In June 1997, President Bill Clinton nominated Sotomayor to the U.S. Court of Appeals for the Second Circuit, which had upheld her ruling in the baseball case. Sotomayor went through her confirmation hearings in September of that year but was not approved by the Senate Judiciary Committee until March 1998. The Senate confirmed her in October. Sotomayor wrote nearly 400 majority opinions for the Second Circuit over the next decade.

Democrat President Barack Obama nominated Sotomayor to the U.S. Supreme Court on June 1, 2009. She went through her confirmation hearings in July, and the Senate Judiciary Committee voted 13-6 in her favor on July 28. Sotomayor was confirmed by the Senate by a 68-31 vote on August 6. She took the constitutional oath of office and the judicial oath of office at a single ceremony two days later. The first case for which Sotomayor heard oral arguments was the landmark First Amendment and campaign finance case Citizens United v. FEC. A majority of the Court endorsed the free speech rights of corporations, but Sotomayor dissented.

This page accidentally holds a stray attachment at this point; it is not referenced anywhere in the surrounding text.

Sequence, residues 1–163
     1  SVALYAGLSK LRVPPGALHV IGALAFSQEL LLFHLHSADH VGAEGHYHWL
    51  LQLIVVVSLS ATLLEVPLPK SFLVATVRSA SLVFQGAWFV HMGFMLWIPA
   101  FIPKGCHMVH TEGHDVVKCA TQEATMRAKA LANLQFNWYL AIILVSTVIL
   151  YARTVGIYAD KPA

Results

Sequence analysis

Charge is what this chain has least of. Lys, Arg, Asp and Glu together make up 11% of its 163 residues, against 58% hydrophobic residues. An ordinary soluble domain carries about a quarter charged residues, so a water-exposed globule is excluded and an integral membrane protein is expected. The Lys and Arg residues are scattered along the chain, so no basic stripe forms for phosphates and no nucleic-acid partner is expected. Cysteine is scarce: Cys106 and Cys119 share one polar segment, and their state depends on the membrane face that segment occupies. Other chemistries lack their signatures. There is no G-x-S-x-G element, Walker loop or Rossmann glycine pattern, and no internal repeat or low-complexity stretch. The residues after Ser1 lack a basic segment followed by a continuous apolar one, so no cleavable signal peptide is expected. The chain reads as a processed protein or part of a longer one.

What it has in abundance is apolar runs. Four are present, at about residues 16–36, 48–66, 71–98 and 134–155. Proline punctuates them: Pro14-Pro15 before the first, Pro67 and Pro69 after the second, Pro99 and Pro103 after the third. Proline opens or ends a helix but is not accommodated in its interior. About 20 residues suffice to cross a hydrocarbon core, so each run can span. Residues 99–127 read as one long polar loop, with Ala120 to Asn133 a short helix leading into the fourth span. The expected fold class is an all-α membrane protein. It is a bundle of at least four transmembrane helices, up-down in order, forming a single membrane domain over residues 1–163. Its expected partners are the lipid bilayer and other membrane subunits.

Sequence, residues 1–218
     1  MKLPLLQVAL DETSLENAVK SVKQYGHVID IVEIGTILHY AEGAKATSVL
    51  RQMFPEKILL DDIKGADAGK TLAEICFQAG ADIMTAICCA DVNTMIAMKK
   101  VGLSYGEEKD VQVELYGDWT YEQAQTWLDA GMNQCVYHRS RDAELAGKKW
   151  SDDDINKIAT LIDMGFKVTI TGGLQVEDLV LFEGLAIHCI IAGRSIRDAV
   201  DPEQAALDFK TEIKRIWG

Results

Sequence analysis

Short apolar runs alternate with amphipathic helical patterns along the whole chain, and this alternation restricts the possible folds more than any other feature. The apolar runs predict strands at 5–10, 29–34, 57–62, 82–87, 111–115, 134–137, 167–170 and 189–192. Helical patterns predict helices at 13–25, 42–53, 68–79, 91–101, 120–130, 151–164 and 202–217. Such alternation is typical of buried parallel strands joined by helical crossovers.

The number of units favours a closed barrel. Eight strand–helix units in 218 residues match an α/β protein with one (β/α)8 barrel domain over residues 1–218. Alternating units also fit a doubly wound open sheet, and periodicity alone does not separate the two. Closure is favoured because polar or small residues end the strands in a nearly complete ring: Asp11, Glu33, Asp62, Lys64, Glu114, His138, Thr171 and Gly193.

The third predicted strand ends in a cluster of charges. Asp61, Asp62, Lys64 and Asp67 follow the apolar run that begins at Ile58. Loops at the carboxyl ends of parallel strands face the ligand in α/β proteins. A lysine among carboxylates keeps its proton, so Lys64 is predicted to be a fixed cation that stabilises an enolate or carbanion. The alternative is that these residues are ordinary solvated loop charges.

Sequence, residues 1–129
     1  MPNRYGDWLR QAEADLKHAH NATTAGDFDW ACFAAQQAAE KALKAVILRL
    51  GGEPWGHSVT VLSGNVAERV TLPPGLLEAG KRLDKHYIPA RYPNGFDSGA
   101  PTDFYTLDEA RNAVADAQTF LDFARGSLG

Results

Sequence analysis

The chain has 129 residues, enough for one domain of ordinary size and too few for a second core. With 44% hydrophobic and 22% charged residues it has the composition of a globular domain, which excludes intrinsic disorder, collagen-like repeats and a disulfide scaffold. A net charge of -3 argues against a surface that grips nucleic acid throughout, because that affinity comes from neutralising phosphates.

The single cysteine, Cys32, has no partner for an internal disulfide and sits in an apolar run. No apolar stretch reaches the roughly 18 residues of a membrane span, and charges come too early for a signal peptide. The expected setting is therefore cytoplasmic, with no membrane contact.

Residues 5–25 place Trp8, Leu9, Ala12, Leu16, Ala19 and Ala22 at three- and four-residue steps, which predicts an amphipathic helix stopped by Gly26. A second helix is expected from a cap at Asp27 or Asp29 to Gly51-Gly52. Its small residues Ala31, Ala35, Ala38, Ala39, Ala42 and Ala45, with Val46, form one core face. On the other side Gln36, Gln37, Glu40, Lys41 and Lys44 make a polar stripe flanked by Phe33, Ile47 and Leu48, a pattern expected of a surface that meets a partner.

Echoing her predecessor Souter, Sotomayor generally takes a liberal position on controversial topics. This contrasts with the other Catholic Justices on the Court. Analysts have likened her to Justices Ruth Bader Ginsburg and Stephen Breyer. In an era when conservatives dominate the Court, Sotomayor has written some scathing dissents. Despite her service as a prosecutor, she often has advocated vigorously for the rights of suspects and defendants. Sotomayor has administered the oath of office to two vice presidents:  Joseph Biden in 2013 and Kamala Harris in 2021.